Audio surveillance equipment
Audio surveillance equipment is used for a huge number of reasons by all sorts of eavesdroppers from the amateur looking for voyeuristic thrills to government law enforcement agencies tracking criminals.
Audio surveillance is even used by employers for training purposes and to monitor employee's telephone usage, ensuring that they are not using company telephones for personal calls. It is also commonly used in large corporations to make sure employees are not leaking sensitive information or illegally obtaining sensitive information from competitors.
Top audio surveillance equipment: wireless device systems
Audio surveillance can take place in the form of 'bugging' or wiretapping. Wiretapping is a way of eavesdropping by connecting to a channel of communication, such as a telephone. A bug is a listening device that does not need to be physically connected to any communications medium to eavesdrop as they use wireless transmission technology.
Wiretapping is typically used for secretly listening in on telephone conversations and can be done in using the following methods and devices:
Telephones - the cheapest and most basic form of phone tapping is similar to hooking another phone up to an existing phone line. However, instead of plugging the phone in at the jack it is connected at another accessible point along the line (usually a phone company utility box) using exposed wires. This is not practical because an eavesdropper would need to know when the phone is going to be used in order to know when to listen in; and someone sitting near a phone utility box all day is likely to look suspicious.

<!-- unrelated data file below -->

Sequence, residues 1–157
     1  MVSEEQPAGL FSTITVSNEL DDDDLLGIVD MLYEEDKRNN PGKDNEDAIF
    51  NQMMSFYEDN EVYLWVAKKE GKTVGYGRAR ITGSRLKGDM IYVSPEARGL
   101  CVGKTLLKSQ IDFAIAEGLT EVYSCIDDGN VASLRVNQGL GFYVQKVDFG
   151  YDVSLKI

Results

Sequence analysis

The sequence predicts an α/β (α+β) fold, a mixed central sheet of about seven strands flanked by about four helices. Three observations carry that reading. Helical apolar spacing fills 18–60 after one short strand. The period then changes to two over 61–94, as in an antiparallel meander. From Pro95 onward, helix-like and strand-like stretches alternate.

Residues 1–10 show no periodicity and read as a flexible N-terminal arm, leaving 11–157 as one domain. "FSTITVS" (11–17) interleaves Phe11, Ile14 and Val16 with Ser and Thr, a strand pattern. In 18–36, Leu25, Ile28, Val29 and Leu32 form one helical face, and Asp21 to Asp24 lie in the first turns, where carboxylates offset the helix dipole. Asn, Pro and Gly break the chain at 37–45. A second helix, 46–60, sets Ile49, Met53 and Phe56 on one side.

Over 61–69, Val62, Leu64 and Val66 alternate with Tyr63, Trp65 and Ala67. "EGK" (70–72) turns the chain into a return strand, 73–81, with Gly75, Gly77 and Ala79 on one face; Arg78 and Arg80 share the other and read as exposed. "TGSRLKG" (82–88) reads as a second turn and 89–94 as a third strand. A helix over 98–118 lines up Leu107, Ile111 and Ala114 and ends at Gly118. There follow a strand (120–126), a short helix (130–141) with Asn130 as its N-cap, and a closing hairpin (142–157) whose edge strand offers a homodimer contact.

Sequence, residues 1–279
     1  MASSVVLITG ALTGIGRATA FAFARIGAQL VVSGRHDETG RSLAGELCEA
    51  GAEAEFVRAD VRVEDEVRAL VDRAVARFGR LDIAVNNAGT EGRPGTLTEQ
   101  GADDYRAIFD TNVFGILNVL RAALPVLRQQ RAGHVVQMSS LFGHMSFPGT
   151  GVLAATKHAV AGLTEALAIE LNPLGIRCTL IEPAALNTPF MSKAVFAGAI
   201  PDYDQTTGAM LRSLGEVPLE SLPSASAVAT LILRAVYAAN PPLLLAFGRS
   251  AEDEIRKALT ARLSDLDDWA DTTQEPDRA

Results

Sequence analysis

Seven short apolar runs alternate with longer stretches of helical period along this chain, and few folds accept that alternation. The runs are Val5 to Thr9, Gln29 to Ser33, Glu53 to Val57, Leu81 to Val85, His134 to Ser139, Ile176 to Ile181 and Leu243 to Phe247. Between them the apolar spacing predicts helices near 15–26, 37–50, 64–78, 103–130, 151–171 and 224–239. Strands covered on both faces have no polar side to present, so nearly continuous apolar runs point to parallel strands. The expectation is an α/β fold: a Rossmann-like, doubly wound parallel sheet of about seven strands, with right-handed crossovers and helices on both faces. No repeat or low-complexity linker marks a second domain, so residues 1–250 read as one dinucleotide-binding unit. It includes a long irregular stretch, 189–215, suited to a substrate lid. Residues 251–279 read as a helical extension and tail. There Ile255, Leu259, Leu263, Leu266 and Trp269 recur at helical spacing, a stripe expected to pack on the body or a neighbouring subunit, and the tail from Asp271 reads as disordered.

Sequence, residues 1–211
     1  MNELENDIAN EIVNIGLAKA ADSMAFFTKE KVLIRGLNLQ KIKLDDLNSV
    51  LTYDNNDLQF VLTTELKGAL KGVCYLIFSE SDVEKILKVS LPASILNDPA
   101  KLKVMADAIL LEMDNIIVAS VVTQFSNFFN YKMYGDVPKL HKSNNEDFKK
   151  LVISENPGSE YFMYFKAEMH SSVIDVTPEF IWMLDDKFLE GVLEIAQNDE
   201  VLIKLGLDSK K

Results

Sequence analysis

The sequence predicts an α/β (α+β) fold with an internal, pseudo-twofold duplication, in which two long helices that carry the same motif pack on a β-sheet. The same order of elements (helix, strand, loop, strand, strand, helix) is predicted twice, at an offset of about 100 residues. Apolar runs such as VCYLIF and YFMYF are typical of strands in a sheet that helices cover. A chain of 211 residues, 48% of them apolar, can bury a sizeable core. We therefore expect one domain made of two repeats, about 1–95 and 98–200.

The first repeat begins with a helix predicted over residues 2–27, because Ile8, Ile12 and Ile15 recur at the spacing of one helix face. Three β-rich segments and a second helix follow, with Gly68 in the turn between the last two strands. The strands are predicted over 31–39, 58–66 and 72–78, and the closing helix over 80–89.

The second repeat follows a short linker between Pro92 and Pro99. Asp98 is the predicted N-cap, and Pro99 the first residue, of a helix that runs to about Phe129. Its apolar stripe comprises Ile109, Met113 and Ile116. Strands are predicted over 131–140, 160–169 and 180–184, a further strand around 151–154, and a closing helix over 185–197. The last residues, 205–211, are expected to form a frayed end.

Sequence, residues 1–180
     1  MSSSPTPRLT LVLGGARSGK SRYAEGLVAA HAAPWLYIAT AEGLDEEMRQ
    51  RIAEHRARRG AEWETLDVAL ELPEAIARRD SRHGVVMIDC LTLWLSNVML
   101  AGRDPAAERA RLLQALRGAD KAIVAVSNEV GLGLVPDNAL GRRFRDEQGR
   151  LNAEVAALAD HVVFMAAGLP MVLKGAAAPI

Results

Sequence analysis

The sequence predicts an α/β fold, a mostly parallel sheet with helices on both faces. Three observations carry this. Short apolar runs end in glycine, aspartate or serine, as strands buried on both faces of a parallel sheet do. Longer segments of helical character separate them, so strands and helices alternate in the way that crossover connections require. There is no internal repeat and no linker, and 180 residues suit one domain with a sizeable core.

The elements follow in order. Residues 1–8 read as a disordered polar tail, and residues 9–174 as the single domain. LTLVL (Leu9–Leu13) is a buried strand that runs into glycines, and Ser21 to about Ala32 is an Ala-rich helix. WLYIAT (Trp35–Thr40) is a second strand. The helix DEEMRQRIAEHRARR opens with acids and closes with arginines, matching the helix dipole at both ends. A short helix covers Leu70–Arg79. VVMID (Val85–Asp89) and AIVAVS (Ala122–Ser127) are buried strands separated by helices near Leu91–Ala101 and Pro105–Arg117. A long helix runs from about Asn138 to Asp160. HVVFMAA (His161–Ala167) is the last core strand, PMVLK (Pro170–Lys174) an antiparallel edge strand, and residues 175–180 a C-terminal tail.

Recorders - another more practical and popular way to tap a phone is to use a recorder hooked up to the telephone system instead of another telephone. This way conversations can be recorded and listened to later eliminating the risk of being seen sitting at a utility box. Recorders receive electrical signals from the phone line and record them onto an audio tape. Ordinary recorders record continuously which is a waste of tape unless a telephone conversation lasts from the moment recording starts till the end of the tape.
Voice-activated recorders - these can be used to save memory space because they only start recording when someone speaks and stops recording when the line goes dead. The problem is that tapes can usually only hold up 40 minutes of recording on either side so even with voice-activated recorders the tape will need to be turned and changed quite regularly.
Bugs have become the top choice for audio surveillance equipment of all descriptions from phone tapping to catching radio signals from a computer monitor. Bugs have become popular because they combine small size with the ability to transmit audio information through the air. Some use microphones to pick up sound waves but most bugs use radio frequency.
A bug can be connected to a phone anywhere along the line but they are typically placed in the telephone receiver. As most people tend to presume their phone lines are secure and rarely even consider the fact their phone may be tapped, it is a pretty good hiding place. However, if someone were searching for bugs, the receiver is the first place they would look. Bugs can also be hidden in small everyday items such as a pen, shirt button or a calculator. Bugs that are not connected to a phone require microphones in order pick up any sound.
The biggest advantage to the bug is the fact that once it is installed all sound can be listened to and recorded remotely from a hidden location. However, the drawback is that because they are wireless, the signal receiver needs to be fairly near to the transmitter. In some cases this means the hidden location may not be as concealed as it should be. A good example of such a location is a van parked outside a house.
Audio surveillance can be difficult to detect. See the counter surveillance page for further information.